One might note here that Dimsdale’s notable clients included Omai (c.1753-c.1780), the first Tahitian to visit England. Omai arrived in Britain on 14th July 1774 and was taken by Joseph Banks to see the king on the 21st (there were newspaper accounts the next day).  Shortly afterwards (possibly at King George's urging) he was taken by Banks to Baron Dimsdale in Hertfordshire to be inoculated against smallpox. It's not certain whether it was the King or Banks who suggested Omai be taken to Dimsdale, but, as George definitely paid for the treatment, it was most likely he. Banks (then still plain Mr Banks, he didn't become Sir Joseph until 1781) took Omai to Hertford on 4th August and stayed with him until Omai was well enough to return to London on an uncertain date between 14th and 17th August 1774. (Dimsdale stressed the need for rest before as well as after inoculation.) Smallpox had killed Omai's compatriot Ahutoru, the first Tahitian to visit Europe, who had been taken to France in 1769 by Bougainville and died of the disease on his voyage home.

Dimsdale’s work on smallpox inoculation was not original but built on the achievements of an Essex family named Sutton, who despite the absence of any formal medical qualifications had achieved outstanding success with their techniques. These consisted of a 2-3-week preparatory diet and drug preparation followed by puncture of the skin with a lancet dipped, to use their own description, “in the smallest possible quantity of the unripe crude or watery matter from the pustules” from a patient suffering from the disease. The incision, one in each arm, was minute: it was not to exceed one eighth of an inch in length nor one sixteenth of an inch in depth. The Suttons operated an Inoculation House at Ingatestone in Essex. They inoculated about 17,000 persons, with only five or six fatalities. Without acknowledging the Suttons by name, Dimsdale established the “Suttonian” method as the standard mode of inoculation for smallpox.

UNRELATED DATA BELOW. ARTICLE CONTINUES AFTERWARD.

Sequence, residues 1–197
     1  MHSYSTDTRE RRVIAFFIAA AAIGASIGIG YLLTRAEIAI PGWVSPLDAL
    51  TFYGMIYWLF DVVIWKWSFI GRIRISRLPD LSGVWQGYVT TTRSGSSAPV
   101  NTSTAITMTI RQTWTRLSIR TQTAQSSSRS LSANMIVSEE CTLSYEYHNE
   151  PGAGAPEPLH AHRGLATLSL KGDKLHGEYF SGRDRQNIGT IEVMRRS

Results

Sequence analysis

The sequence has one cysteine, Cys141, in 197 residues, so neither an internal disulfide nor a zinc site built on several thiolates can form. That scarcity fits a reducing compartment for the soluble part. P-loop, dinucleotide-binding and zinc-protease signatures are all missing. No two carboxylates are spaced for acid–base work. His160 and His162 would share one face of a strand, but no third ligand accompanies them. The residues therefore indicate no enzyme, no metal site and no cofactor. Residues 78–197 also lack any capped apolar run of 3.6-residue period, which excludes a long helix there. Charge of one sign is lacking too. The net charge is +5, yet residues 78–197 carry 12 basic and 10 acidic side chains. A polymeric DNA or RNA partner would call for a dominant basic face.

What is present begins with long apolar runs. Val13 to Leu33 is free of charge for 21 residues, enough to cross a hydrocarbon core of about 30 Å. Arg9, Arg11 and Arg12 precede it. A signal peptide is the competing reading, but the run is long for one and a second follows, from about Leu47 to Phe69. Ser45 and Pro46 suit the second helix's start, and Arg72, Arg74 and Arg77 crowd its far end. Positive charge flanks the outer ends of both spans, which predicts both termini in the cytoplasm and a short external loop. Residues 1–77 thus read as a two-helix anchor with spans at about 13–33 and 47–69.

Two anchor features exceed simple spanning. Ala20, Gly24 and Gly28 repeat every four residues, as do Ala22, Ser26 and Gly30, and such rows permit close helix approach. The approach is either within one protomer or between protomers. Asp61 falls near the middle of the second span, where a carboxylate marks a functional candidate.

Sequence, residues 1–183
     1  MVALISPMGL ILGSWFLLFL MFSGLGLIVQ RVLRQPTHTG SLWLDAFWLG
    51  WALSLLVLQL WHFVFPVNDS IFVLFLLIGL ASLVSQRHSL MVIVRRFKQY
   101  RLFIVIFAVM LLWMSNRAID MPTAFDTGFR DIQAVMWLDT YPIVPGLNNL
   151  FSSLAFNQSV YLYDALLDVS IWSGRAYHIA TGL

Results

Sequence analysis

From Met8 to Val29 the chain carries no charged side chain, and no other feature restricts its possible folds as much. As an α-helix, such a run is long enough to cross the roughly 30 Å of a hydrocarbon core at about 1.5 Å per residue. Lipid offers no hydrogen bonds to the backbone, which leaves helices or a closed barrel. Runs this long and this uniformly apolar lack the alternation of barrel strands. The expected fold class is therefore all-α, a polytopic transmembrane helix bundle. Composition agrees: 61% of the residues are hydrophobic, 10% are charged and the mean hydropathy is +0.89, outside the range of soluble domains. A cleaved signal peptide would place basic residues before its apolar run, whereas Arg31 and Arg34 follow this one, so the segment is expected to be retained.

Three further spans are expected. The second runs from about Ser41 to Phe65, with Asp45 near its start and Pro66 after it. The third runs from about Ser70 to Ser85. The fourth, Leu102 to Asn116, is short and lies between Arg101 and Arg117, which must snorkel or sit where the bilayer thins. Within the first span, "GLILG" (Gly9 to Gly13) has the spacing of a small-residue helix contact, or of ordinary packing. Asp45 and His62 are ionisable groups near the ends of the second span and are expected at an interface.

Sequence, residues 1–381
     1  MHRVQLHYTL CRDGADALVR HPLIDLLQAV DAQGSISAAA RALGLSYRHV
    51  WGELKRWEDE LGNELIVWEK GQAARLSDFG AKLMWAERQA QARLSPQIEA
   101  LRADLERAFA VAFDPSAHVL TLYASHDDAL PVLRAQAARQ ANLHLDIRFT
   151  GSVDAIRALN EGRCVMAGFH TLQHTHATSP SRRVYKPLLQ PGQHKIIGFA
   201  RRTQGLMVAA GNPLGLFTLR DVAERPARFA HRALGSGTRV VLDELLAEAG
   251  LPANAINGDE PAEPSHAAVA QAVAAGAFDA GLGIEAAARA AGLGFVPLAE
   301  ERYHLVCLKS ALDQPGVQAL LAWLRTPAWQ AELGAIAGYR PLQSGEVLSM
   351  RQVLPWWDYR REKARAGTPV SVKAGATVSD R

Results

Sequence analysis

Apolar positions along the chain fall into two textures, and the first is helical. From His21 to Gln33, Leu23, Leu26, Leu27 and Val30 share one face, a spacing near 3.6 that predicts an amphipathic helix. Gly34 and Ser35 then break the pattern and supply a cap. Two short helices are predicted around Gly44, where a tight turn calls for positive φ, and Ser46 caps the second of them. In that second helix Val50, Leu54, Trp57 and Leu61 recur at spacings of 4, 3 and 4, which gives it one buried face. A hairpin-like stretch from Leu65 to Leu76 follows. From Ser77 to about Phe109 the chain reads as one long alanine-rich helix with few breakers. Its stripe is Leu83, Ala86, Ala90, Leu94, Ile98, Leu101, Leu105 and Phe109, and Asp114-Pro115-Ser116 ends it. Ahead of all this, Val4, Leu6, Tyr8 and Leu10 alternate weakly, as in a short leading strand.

So what has all this to do with William Blake? 

Urizen (copy A). Titlepage. 

In February 1956, Sotheby’s sold at auction Blake’s First Book of Urizen. Identified as copy A, it was formerly in the possession of Major T.E. Dimsdale, the eighth Baron. It was acquired by Paul Mellon; and given by Mellon to the Yale Center for British Art in 1992. 

Urizen (copy A). 

This copy, originally printed in 1794, remains one of the most striking—as well as most complete—versions. The Sotheby’s catalogue cites a family tradition that the first Baron Dimsdale had acquired the book directly from Blake.

Urizen (copy A). 

It had previously been issued in colour facsimile with an accompanying note by Dorothy Plowman.

The Book of Urizen by Willliam Blake. Reproduced in facsimile from an original copy of the work printed and illuminated  by the author in 1794, formerly in the possession of the late Baron Dimsdale. With a note by Dorothy Plowman. London & Toronto : Dent; New York : Dutton, 1929. Page 7.

(Reasonably-priced copies of the facsimile can still be found on the second-hand market.)

Songs of Innocence (copy R). Fitzwilliam Museum.

Previously, in 1952, Sotheby’s had sold a fragmentary copy (Copy R) of Blake’s Songs of Innocence. Again, the family tradition, reported in the catalogue, cites the original purchaser as the first Baron Dimsdale. This copy of Innocence shows some signs of fire damage. It was acquired by Geoffrey Keynes and bequeathed by him to the Fitzwilliam Museum in 1985. The museum notes that “This copy was printed and coloured c. 1794”, though Joseph Viscomi suggests a later date of production. To my mind, the light watercolour washes agree with a 1794 date; copies from 10 years later are much more richly coloured. Another fragmentary copy of Innocence (Copy Y, again with fire damage) was acquired by a German collector and is on loan to the Wallraf-Richartz Museum in Cologne. It is now clear that these two fragmented copies once formed a single copy. Copy R/Y was presumably broken up while in the Dimsdale family collection, perhaps at the time it was rescued from a bonfire. It may also be the earliest example of a Blake illuminated book decorated with gold leaf.

Edward Young.—Night Thoughts. Hand-coloured engravings.